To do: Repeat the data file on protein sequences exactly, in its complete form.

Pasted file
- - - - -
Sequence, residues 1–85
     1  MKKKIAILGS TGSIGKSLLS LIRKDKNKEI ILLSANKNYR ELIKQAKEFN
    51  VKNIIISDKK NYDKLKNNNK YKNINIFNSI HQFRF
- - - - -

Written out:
Sequence, residues 1–85
     1  MKKKIAILGS TGSIGKSLLS LIRKDKNKEI ILLSANKNYR ELIKQAKEFN
    51  VKNIIISDKK NYDKLKNNNK YKNINIFNSI HQFRF